This is a continuation of the previous posts, essentially collecting thoughts for first year students. I am asking you, the reader to suggest what might be wrong, or missing from this, and anything else which will be helpful for a new first year who is just arriving at university to study maths…
The following sections in the resource book are about mentors and the whiteboard workshop. They are really quite specific to the course, and more about the details than the philosophy of it, so I am not including them here.
The next section on the other hand is vital, as most students are never given much guidance in how best to revise, and it is one of the most important skills they can gain. I have written my thoughts from my own experience, but I am not trained specifically in education, so I am grateful for any additional thoughts.
How to revise
Revision is a bit like comedy: Timing is everything! If you get the timing wrong your exams will fall as flat as if you were doing a stand-up show and told the punch-line at the beginning of a joke. Plan your timing, and make sure that you hit the exam when you’re at the peak of your understanding.
The other thing that is really important when you’re revising is to be in the right environment for optimum concentration. For some this may be the library, for some it may be at a cafe, for some it may be in your bedroom. What I can virtually promise you is that it won’t include having Facebook on in the background and Whatsapp by your side. Try to turn off as many devices as possible and work with just pen and paper as your only study materials. It may be that some people are able to revise in very different conditions, so it’s worth experimenting with what works best for you.
While you should be doing your tutorials as you go through the course, the tutorial sheets can also make for the bulk of your revision material. If you understand every question from every tutorial, then you should be able to score very very highly in the final exam.
When it comes to test revision, as well as exam revision, you have to balance the fact that you have to keep up with the new stuff you are learning, while also revising the material which is specifically for the test you are about to take. This isn’t an easy balance, but it is possible, especially if you’ve kept good notes of your tutorial solutions as you’ve been going through them the first time.
By the time you get to the decant test you will have done at least five tutorials. My advice would be to start ramping up to serious revision two weeks before this test. That means going back to the first tutorial and making sure that you still understand it. That means actually sitting down and doing it again, without the answers you wrote before, writing notes about anything which you don’t quite remember, and, if you feel completely comfortable with it, running through any extra questions you can find on the topic. Read through the notes on that section and make sure that everything makes sense – you are looking for mastery, not just a basic knowledge. Then go through the second tutorial a day later, then the third a day later, etc. By the time you’re a few days from the test, you have been through all the past tutorials, and feel comfortable with them. Now look through the past papers. Sit down with them as if you were sitting a real test and time yourself. Work out which areas are still difficult and go back and revise these, then do the tests again. Find more questions on these areas. I am happy to send you more if you have run out of material. 24 hours before the test you should have to do any revision at all, but just to make yourself comfortable, you can sit down and reread your notes to make sure it’s all fresh. Really this time should be a day of reasonable relaxation, letting your mind mull over what it’s taken in over the last two weeks. It’s important that you have timed yourself going through past tests so that you feel confident that you will have enough time when the pressure is on.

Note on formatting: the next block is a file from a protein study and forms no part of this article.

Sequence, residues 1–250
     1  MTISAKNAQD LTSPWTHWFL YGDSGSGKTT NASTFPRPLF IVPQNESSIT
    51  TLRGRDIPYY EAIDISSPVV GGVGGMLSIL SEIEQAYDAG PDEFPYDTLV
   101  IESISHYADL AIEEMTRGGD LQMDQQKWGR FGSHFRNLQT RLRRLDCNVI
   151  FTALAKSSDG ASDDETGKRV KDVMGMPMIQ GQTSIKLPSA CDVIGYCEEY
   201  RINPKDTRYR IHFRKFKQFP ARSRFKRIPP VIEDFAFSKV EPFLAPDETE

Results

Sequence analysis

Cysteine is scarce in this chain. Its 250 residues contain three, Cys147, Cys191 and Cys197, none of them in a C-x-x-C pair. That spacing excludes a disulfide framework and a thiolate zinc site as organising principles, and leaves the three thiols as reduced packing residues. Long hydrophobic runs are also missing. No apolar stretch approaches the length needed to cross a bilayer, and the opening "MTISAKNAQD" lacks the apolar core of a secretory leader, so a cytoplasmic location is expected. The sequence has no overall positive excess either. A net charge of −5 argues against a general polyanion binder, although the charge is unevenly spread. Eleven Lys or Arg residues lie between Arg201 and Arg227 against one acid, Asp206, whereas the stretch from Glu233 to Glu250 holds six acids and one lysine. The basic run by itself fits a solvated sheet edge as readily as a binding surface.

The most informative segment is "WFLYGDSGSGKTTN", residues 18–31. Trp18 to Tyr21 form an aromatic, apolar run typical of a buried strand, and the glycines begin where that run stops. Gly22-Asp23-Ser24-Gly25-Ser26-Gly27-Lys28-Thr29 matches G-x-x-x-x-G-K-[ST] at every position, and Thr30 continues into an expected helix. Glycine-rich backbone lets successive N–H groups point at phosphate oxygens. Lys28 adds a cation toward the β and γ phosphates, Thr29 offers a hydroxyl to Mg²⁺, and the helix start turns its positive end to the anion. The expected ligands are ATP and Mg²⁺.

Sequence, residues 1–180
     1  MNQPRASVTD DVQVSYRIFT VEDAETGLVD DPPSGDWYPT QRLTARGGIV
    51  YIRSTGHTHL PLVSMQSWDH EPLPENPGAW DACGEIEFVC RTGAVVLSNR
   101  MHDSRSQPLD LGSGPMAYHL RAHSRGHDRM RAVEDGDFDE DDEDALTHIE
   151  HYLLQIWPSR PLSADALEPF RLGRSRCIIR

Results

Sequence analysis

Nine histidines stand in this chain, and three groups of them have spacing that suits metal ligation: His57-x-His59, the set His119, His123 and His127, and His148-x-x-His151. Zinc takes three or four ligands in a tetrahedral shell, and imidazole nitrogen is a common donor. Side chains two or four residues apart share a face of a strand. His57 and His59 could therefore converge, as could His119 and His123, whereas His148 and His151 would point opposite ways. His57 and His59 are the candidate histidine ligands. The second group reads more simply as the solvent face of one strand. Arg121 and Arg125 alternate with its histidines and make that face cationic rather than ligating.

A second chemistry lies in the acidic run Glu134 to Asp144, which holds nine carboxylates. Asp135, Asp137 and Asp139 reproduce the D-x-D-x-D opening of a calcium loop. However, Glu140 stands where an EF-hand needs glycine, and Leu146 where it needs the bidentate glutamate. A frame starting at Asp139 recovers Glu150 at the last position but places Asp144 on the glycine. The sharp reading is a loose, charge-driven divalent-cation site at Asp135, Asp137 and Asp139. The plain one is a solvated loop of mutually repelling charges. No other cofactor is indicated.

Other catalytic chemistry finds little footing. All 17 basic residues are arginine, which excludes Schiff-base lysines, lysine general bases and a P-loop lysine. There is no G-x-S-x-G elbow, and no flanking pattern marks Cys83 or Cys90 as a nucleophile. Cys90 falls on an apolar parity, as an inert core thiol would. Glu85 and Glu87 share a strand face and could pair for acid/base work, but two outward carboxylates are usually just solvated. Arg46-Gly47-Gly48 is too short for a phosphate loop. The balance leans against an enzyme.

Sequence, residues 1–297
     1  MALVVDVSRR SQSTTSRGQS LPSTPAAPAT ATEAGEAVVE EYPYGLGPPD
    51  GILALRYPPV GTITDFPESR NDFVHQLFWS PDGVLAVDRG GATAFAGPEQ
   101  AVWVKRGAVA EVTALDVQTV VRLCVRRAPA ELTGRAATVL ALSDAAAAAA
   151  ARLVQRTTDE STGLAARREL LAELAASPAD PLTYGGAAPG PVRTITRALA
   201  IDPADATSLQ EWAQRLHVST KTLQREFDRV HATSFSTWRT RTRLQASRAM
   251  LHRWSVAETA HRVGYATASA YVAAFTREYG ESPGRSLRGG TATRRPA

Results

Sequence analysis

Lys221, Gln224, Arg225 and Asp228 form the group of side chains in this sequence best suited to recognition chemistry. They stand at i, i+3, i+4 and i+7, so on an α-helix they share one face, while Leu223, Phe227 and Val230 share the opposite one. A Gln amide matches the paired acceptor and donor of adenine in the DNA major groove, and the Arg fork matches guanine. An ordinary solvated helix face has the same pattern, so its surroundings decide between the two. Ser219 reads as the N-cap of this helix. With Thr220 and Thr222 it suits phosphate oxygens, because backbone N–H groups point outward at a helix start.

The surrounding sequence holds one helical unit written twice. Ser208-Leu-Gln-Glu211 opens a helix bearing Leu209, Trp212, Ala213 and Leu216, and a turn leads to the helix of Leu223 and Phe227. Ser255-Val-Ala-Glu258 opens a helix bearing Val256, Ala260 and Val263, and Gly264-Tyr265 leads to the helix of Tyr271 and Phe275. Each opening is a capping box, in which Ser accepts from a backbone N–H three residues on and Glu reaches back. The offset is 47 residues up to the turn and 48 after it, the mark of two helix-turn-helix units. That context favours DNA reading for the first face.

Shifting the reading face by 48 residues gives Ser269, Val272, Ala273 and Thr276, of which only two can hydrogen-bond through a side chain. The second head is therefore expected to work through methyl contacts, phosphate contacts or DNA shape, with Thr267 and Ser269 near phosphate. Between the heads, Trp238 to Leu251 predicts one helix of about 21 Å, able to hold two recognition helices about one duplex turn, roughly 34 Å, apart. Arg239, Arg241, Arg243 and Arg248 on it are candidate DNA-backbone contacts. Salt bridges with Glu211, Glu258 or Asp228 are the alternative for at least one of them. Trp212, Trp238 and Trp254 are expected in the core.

The revision for the other tests should be pretty similar.
The revision for the exams is different because you have a lot more material to get through. In fact you have a whole year’s worth of material to revise which is a daunting task! I would recommend starting at least a month before the exams. This sounds a lot, but it means that it’s not a rush. Go back to the very beginning and revise the previous tutorials just as you did for the tests, but now you’ve been through each tutorial at least twice before, and so it should be much faster. You should be able to get through several tutorials a week. Try and make sure that you’ve been through all the tutorials at least a week before the exams so that you can sit down with past exam papers and go through them just as you did for the tests.
Integrated into this revision should be discussions with classmates to talk about tricky problems you’ve found and to teach other people what you’ve learnt. Teaching really is the best way to learn this stuff!